Others have shown how much the current administration uses the “straw-man” argument. For those who may not know, that’s when you falsely claim that your opponent believes something ridiculous and then shoot that non-argument down.
To give just one example, President Obama used this technique when he said: “In recent days, there have been misguided criticisms of this plan that echo the failed theories that helped lead us into this crisis—the notion that tax cuts alone will solve all our problems…” I am not aware of anyone, of any political persuasion whatever, who believes that “tax cuts alone will solve all our problems.”
So to take the straw-man phenomenon to new levels, John Farmer of the Newark Star-Ledger wrote an article (or blog entry; I can’t tell which) entitled “Suddenly the GOP Wants Active Federal Government”. In this masterpiece of the straw-man technique he actually has the chutzpah to say that Republicans “(just about all of them) want to reduce government to a permanent vegetative state.”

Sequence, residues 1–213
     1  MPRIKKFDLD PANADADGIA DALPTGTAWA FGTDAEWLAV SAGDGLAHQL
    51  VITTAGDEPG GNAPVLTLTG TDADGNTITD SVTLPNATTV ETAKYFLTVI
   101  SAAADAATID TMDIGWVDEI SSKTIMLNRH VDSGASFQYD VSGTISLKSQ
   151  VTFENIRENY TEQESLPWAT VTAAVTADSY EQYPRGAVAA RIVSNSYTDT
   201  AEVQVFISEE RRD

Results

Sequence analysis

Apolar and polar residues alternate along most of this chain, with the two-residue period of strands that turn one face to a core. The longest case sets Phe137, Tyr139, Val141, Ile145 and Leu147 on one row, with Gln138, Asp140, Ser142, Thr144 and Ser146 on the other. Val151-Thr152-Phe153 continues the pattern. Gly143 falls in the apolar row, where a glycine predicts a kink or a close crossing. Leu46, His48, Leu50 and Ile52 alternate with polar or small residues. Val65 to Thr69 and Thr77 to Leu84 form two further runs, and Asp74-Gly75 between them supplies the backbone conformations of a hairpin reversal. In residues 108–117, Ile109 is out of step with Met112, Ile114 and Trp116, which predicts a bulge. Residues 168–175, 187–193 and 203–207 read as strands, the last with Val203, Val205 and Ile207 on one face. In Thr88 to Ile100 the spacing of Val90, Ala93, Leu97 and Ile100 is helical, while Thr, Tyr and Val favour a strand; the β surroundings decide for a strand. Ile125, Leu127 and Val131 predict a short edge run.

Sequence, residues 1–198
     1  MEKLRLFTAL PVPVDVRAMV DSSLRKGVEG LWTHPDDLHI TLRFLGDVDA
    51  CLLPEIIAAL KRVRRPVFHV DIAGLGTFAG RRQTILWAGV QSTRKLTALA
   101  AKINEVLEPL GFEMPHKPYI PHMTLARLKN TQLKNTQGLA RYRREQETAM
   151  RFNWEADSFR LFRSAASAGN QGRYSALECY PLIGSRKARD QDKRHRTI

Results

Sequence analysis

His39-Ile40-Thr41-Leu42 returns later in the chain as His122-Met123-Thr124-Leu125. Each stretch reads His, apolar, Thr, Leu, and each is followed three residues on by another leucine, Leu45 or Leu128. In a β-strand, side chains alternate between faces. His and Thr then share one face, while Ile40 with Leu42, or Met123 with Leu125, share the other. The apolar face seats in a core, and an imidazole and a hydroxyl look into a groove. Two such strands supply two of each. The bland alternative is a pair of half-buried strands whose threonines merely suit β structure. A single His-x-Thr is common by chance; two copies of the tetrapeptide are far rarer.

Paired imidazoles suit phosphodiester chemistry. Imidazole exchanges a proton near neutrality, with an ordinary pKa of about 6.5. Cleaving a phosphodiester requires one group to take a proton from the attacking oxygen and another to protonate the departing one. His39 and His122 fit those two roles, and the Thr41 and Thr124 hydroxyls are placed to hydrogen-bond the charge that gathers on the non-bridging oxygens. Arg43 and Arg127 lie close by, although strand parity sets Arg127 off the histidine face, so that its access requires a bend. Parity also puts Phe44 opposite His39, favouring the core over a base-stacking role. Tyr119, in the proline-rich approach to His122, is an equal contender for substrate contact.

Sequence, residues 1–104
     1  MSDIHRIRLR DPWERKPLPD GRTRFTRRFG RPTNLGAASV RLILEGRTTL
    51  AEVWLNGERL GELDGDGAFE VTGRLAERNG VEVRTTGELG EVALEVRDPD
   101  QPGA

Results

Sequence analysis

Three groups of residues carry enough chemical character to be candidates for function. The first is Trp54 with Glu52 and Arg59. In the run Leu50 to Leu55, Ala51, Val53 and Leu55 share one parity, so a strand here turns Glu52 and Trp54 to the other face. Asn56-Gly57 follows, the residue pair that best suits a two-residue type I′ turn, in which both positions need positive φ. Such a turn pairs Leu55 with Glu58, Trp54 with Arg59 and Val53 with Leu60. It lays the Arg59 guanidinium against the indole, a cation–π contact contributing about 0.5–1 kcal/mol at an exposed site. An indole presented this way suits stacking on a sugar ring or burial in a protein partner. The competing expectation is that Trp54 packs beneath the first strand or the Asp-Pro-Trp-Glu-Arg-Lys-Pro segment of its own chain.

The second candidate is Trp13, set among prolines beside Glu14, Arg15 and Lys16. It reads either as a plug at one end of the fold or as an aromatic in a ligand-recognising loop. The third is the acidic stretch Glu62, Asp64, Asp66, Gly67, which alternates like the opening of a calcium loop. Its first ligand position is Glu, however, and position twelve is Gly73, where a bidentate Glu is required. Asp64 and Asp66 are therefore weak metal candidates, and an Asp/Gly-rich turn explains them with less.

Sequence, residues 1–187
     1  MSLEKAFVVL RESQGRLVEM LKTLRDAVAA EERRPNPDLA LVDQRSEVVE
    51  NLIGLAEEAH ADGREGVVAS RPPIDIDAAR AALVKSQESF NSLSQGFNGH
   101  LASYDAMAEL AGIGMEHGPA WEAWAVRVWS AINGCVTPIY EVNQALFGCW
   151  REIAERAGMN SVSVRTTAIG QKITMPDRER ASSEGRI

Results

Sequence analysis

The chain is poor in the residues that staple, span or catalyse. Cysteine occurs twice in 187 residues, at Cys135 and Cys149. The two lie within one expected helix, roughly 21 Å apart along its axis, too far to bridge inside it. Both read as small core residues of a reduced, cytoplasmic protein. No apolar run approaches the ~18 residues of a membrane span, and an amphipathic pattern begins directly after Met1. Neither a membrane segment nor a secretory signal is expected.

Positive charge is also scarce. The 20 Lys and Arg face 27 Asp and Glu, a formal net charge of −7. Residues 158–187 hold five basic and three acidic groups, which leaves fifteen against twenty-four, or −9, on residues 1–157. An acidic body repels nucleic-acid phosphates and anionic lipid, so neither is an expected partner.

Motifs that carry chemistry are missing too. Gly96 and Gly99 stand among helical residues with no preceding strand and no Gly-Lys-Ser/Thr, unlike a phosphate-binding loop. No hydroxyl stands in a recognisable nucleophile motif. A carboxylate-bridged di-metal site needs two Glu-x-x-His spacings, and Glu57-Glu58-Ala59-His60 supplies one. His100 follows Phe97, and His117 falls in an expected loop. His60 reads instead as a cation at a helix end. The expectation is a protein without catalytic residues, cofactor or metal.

I (and most conservatives) want a Federal Government that is highly active, engaged, and effective (which it’s often not)—within the realm of its constitutionally assigned responsibilities. I also want state governments to be active, engaged, and effective (they’re often not either), in the areas for which they should be responsible. And in other areas I believe—and the constitution specifically states—that the people are sovereign and therefore individually responsible.
It’s not that we don’t want government, we merely don’t want government doing things that the constitution says they can’t do. (Oh, and by the way, the Federal government does this all the time: e.g. the health-care bill.)